when the communist order collapsed. Therefore, when the curtain came up [in Szelenyi & Selenyis phrase (1991)] on democratic politics after 1989, Eastern Europe was, if not terra incognita, then at least terra obscura. Had societies hibernated under communism to emerge divided as before? Had communism reshaped and redivided society so that political cleavages would be new and distinctive, or possibly leveled social relations so that cleavages would be absent? Or might the challenges of the post-communist order quickly provide new sources of politically salient social and ideological division within East European populations? What has emerged from ten years of empirical study of post-communist societies is a picture of considerable diversity in the structure of social and ideological divisions across the region rather than evidence that communist power had leveled social and ideological divisions. Nor does there appear to be evidence that the collapse of communist power has resulted in a liberal consensus, with its implication that cleavages are an outmoded concept in the study of the region. Instead, political cleavages have emerged in each state across the region that reect the countrys historical inheritances as well as its post-communist economic and social experiences. At least two important theoretical and empirical questions remain in the eld. First, although the general shape of the cleavage structures of post-communism is better understood, the mechanisms for their formation are unclear or disputed. Most explanations of cleavages in more established democracies emphasize the importance of prior social organization in providing sources of interest and political allegiance among the public that allow coordination of voters and parties in structured and relatively stable ways (Sartori 1969, Przeworski 1985). Such prior social organization, however, was largely absent across Eastern Europe. Various other mechanisms, therefore, have been invoked to account for the evidence of cleavage structuresuch as cultural legacies, modes of communist rule, forms of elite and mass mobilization during the democratic transition itself, and the institutionally shaped incentives for parties and politicians to forge links with the electoratebut it is not yet agreed which of these factors, if any, is most important, or indeed exactly how these factors have shaped choices at the individual level so that they result in cleavages at the societal level. Second, in order to speak with full condence about the existence of cleavages, it is necessary to see stability and persistence in social and ideological divisions, but naturally these conditions are only weakly established empirically. There are also differing theoretical expectations about the stability of the social and ideological divisions in politics. Considerable volatility is evident in support for particular parties, and political parties themselves have often been short-lived, offering voters little opportunity to reward or punish them. But is this volatility of supply and demand for parties a sign of instability in the cleavage structure? For many countries, there is limited evidence available to test these possibilities because follow-up studies that might allow over-time comparisons have not yet taken place; however, it should be noted that where such evidence is available, it points to more stability than change in the structure of underlying social and ideological divisions, which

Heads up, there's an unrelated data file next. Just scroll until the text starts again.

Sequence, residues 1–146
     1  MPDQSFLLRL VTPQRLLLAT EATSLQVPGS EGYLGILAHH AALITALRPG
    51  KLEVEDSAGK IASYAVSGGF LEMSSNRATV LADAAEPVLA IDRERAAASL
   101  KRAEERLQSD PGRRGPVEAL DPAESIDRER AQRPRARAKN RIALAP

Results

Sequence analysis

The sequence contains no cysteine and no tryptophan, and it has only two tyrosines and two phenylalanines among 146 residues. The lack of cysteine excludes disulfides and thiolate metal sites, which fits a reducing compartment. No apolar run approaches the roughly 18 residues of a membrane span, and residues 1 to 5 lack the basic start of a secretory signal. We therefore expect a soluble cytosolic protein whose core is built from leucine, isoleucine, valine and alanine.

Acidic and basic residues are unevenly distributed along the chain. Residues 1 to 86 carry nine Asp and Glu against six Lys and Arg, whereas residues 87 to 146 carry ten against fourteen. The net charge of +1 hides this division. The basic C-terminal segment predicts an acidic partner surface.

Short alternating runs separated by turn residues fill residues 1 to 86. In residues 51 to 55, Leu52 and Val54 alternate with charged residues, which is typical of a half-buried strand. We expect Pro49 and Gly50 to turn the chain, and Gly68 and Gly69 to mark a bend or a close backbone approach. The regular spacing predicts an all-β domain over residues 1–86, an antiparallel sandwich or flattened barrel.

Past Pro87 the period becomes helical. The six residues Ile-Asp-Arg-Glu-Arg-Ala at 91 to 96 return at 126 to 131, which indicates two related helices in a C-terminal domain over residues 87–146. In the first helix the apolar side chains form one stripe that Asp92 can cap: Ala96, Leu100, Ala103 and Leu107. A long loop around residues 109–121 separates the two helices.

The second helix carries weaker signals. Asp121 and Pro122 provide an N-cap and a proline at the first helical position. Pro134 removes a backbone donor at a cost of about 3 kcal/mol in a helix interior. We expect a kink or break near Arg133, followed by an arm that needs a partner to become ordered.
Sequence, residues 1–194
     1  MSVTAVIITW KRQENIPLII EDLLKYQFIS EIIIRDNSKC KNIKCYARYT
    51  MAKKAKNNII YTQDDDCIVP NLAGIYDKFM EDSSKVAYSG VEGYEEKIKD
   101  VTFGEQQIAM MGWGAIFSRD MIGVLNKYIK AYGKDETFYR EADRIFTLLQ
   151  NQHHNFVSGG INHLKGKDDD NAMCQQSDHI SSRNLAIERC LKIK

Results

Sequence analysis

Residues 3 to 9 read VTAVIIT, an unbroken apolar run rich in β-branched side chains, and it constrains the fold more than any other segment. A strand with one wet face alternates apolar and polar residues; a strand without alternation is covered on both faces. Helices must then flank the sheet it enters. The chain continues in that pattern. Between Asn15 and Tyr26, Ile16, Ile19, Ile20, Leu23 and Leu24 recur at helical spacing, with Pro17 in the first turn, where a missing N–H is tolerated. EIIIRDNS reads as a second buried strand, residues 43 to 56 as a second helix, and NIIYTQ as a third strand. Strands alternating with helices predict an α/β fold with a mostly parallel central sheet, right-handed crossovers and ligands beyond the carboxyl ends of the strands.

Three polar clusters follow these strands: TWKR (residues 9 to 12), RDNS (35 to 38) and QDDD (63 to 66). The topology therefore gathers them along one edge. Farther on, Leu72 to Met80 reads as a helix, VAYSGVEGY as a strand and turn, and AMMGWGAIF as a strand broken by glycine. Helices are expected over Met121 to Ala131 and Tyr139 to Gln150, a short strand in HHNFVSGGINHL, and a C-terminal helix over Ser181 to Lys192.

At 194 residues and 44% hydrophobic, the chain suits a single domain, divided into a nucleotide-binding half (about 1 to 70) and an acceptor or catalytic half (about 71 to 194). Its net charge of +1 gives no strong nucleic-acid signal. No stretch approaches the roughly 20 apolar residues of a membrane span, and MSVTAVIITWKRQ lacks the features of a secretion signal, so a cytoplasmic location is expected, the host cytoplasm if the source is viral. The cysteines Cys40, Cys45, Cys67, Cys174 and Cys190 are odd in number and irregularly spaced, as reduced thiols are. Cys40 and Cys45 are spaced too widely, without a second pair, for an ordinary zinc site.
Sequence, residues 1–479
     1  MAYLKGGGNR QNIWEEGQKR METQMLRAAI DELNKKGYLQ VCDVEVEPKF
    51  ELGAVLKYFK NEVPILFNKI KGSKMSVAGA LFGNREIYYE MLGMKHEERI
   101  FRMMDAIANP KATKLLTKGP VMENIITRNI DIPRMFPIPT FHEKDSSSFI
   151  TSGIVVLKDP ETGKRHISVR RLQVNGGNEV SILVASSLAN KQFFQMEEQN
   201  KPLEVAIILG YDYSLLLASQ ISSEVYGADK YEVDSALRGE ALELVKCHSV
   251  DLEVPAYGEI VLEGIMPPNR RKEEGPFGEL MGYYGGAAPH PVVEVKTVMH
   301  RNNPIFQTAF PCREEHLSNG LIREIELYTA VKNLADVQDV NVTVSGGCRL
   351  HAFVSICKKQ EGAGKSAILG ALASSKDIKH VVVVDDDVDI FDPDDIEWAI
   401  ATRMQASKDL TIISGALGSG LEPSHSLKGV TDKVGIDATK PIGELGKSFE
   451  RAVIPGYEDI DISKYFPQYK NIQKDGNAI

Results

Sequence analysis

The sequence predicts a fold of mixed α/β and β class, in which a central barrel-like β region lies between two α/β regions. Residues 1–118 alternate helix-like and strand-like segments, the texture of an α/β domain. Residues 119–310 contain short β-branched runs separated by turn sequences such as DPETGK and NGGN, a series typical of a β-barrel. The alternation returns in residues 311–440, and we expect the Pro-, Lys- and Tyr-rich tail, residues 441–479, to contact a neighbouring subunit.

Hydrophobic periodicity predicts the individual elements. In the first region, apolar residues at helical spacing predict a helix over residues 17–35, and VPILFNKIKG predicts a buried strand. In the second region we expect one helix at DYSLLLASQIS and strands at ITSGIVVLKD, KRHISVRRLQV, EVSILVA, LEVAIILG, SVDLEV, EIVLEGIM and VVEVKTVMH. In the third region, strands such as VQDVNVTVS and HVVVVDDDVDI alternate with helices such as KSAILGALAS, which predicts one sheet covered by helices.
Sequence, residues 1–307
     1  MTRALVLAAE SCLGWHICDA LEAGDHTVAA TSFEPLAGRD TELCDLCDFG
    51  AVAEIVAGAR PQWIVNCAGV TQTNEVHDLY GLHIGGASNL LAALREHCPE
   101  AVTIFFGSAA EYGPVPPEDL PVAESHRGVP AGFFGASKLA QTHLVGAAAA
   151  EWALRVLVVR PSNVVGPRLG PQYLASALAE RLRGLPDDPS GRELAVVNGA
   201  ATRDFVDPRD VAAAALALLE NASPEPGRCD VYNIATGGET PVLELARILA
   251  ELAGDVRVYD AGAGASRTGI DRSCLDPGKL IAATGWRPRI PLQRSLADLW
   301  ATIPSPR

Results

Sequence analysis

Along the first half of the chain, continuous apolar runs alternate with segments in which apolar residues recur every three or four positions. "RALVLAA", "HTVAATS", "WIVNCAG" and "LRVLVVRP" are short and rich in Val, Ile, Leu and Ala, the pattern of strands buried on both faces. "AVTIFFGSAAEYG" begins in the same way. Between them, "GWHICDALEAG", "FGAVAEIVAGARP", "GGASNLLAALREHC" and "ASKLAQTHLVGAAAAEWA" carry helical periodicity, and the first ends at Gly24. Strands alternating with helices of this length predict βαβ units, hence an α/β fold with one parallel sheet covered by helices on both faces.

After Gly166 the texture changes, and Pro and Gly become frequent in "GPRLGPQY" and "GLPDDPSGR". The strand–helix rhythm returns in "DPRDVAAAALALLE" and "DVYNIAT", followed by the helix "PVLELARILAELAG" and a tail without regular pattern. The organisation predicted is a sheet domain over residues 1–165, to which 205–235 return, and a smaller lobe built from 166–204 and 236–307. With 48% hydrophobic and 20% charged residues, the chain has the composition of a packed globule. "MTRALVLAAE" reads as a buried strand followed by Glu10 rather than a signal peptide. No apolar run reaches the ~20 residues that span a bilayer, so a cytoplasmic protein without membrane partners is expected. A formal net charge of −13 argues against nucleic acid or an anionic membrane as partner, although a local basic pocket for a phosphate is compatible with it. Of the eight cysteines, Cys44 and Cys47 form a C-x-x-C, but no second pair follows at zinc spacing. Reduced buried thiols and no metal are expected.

strengthens claims about the existence of cleavages in the region. This begs a further question, however: If stability of political divisions is the norm, why should this be the case given the extent of broad social transformation in the region over the past decade? The rest of this chapter is structured to engage these issues and the evidence. Section 2 considers expectations that communism and its collapse would have a profoundly inhibiting effect on cleavage formation or that it would lead to the emergence of common but sui generis post-communist cleavages. Section 3 looks at the evidence that has been built up, which, though sometimes incomplete and contradictory, does point toward a more structured and variegated set of cleavages than initial expectations suggested. Section 4 discusses competing theoretical explanations for these cleavage structures. Section 5 considers the case for cleavage stability and change. The concluding section considers how this evidence sheds light on the two big issues mentioned above: How great are the social and ideological legacies of the communist era? And how great is the effect of cleavages on the stability of democracy in the region?